Previously released on videocassette by MGM/UA's own Forbidden Hollywood series, Big Business Girl features Oscar-winning Loretta Young at a time where she really lived up to her last name. Barely all of 18-years-old here, Loretta plays Claire McIntyre, a college grad determined to leave her mark on the world of big business. After her unmotivated band leader dropout boyfriend Johnny (Frank Albertson) heads to Paris for a gig, Claire moves into advertising, much to the delight of boss Robert Clayton (Ricardo Cortez), who expects more than just good ideas from her. The struggle to keep things professional become all the more cumbersome once Johnny returns from abroad unexpectedly. Joan Blondell has a powerful co-starring role as a working girl of a different sort in this better-than-average Pre-Code drama from director William A. Seiter. Frank Darien, Dorothy Christy, and George "Gabby" Hayes (yes, again!) also star.

The Washington Masquerade (1932, Metro-Goldwyn-Mayer)

The corruptive nature of politics is on full display here in this surprisingly lengthy 88-minute drama from 1932. Here, not too long before he was confined to a wheelchair for most of his on-screen appearances, Lionel Barrymore (Mr. Potter in Frank Capra's It's a Wonderful Life, MGM's Dr. Kildare and Dr. Gillespie films) plays Jeff Keane, an honest defense attorney from the Midwest with a dead wife and a grown daughter (Diane Sinclair). Deciding to clean out the waters of the US Senate a bit, Keane heads to Washington, where his fair and balanced sense of ethics attracts everyone's attention ‒ especially the powerful lobbyists who don't want him to make a difference! Karen Morley is the seductive bought-and-paid-for vixen assigned with luring Barrymore into the type of bribe we're used to reading about in the papers today. Charles Brabin directs from a French play by Henri Bernstein. Nils Asther and Reginald Barlow co-star.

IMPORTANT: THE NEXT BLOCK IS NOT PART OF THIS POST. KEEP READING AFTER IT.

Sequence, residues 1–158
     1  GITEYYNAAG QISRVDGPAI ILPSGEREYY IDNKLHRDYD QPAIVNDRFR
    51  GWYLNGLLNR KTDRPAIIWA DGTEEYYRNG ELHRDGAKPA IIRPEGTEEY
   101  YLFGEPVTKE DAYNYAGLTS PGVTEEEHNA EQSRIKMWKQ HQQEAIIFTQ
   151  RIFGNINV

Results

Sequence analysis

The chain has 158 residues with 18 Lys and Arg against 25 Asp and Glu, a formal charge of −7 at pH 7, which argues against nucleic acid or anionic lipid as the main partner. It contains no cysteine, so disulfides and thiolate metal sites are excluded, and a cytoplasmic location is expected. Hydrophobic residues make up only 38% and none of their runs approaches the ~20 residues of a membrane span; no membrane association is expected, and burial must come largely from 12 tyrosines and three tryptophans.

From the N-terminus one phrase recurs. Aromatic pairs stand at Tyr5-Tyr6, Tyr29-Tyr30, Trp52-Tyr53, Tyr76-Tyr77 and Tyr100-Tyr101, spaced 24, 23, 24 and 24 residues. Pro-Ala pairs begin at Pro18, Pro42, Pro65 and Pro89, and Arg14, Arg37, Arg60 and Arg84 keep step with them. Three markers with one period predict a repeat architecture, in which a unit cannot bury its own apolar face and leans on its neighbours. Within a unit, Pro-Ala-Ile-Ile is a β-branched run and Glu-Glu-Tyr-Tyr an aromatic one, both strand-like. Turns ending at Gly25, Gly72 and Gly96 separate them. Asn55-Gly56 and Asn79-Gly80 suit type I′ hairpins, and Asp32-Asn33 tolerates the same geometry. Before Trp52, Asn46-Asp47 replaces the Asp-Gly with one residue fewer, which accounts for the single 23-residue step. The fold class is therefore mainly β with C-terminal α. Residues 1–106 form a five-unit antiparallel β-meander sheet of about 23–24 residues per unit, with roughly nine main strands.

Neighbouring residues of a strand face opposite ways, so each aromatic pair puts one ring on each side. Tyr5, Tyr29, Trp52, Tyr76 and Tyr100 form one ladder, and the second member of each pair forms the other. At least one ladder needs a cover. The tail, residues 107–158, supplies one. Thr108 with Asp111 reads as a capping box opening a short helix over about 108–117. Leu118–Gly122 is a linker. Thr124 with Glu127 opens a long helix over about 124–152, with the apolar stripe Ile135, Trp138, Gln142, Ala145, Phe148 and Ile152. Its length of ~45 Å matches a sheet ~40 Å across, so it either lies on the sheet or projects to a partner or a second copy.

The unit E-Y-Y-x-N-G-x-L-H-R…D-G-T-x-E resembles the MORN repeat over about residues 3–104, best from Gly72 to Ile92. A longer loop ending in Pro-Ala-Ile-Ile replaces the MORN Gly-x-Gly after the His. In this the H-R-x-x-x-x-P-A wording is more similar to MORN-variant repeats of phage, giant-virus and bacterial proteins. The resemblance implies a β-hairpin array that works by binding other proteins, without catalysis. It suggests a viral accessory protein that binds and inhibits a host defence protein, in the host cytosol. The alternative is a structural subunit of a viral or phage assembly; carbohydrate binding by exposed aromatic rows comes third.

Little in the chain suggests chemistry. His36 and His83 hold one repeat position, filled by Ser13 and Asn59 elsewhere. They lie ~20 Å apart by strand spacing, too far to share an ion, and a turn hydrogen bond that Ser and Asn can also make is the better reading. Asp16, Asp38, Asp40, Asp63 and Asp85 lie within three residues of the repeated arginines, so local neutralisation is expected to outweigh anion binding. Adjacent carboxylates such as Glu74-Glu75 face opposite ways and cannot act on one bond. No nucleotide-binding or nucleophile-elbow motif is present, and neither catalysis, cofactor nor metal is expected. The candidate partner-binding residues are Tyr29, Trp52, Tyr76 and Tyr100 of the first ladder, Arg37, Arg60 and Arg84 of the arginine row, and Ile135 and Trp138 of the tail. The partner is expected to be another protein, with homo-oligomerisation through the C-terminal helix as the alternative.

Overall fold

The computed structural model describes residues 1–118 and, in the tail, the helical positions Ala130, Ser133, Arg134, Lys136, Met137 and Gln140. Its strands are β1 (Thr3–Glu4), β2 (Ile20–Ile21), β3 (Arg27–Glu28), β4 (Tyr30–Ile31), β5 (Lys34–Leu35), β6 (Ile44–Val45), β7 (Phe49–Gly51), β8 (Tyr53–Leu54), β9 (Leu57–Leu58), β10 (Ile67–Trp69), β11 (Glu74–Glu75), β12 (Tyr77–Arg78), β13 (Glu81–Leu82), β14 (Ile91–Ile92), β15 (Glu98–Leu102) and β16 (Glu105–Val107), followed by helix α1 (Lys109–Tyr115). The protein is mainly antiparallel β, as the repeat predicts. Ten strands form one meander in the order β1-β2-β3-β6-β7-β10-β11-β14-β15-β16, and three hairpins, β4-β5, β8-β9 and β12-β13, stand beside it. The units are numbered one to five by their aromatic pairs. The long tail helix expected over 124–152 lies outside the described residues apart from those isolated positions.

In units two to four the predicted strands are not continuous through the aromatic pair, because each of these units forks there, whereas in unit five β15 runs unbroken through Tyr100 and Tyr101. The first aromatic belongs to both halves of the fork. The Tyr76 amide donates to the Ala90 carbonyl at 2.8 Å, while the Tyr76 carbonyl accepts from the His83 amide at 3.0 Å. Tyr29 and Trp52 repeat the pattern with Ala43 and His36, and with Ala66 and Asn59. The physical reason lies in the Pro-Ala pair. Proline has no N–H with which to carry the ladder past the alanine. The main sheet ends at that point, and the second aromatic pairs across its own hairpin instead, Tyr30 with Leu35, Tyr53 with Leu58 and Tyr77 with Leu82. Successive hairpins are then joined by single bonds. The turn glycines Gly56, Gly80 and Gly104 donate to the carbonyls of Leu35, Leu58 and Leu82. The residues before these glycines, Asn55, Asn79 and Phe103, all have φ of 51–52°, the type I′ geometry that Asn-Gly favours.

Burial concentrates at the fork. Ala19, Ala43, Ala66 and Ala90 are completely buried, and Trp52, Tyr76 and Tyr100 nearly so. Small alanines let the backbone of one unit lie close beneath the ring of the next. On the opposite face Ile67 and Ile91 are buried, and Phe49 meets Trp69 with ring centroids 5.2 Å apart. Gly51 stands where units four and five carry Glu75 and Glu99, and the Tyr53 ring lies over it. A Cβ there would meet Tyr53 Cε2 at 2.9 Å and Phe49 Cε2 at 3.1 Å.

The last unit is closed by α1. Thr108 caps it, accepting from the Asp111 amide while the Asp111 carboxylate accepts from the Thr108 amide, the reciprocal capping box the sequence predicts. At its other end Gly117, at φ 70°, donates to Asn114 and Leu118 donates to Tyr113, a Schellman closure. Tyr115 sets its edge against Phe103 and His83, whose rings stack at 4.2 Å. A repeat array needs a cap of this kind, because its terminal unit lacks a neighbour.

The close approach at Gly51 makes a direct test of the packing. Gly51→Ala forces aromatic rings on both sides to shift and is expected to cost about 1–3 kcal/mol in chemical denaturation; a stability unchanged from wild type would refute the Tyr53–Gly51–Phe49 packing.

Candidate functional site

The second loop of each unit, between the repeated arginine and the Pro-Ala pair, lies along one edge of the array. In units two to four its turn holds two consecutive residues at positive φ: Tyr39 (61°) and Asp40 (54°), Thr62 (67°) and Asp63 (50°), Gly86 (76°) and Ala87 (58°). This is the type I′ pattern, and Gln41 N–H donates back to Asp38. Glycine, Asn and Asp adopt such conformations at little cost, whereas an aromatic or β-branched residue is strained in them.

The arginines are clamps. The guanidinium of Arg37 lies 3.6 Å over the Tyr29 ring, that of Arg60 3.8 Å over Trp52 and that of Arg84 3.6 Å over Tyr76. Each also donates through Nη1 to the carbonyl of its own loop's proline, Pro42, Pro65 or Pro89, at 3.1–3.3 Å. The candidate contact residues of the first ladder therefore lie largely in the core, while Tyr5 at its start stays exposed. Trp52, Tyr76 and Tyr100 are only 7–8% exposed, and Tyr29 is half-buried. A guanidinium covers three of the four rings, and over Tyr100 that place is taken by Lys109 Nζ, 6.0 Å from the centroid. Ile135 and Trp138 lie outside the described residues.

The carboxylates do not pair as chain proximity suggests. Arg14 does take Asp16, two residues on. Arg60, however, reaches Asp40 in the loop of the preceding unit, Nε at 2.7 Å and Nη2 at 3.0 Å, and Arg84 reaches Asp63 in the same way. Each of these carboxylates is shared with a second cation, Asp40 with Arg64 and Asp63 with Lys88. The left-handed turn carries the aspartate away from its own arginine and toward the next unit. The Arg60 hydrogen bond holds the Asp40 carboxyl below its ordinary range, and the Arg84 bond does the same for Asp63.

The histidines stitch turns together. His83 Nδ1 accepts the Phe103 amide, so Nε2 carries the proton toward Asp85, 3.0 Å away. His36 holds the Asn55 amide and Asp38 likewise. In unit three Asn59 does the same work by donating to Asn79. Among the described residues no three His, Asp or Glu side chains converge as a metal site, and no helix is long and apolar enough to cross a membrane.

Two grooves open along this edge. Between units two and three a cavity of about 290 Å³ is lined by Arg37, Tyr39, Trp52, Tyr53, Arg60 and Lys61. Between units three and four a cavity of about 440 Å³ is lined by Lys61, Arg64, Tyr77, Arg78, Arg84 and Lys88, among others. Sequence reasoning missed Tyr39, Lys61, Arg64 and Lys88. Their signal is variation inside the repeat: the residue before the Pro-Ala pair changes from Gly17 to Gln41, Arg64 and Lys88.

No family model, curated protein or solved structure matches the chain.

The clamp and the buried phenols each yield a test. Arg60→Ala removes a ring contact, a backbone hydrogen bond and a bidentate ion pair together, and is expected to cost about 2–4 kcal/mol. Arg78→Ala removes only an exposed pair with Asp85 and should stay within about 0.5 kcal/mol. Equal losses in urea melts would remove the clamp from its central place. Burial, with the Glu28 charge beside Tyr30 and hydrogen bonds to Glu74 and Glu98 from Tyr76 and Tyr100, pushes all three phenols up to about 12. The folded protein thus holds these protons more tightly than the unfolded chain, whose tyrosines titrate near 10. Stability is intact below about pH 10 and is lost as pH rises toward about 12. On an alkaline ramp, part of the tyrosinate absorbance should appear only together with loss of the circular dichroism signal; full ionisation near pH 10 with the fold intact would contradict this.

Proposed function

She Had to Say Yes (1933, First National Pictures)

The rarely-seen directorial debut of choreographer Busby Berkeley (don't worry ‒ kids there aren't any musical numbers in this one) finds innocent Loretta Young cast adrift in the world of sleazy men once again. Inspired by real (unfortunate) instances working class women faced during The Great Depression, the story takes place at a clothing company which regularly recruits female coworkers "escort" visiting out-of-town clients. Her cheating fiancé, Regis Toomey, asks her to keep Lyle Talbot happy while he himself fools around with slutty co-worker Suzanne Kilborn (aka Mrs. Chester Morris, in her only film role). Alas, Lyle falls for Loretta, paving the way for one of the weirdest love triangles in recent memory. Winnie Lightner (yes, that was a real name), Hugh Herbert, Ferdinand Gottschalk, and Fred Kelsey (this time as a house detective!) also appear in this odd romance co-directed by George Amy, as based on a story by John Francis Larkin.

Also available now from the WAC vaults are new-to-DVD Pre-Code titles Broadway Babies (1929) with Alice White, and Stage Mother (1933) with Maureen O'Sullivan. Mastered from the best elements available (ranging from video masters to 16mm prints), these Pre-Code rarities ‒ along with many more ‒ are ready for you to (re)discover at the Warner Archive.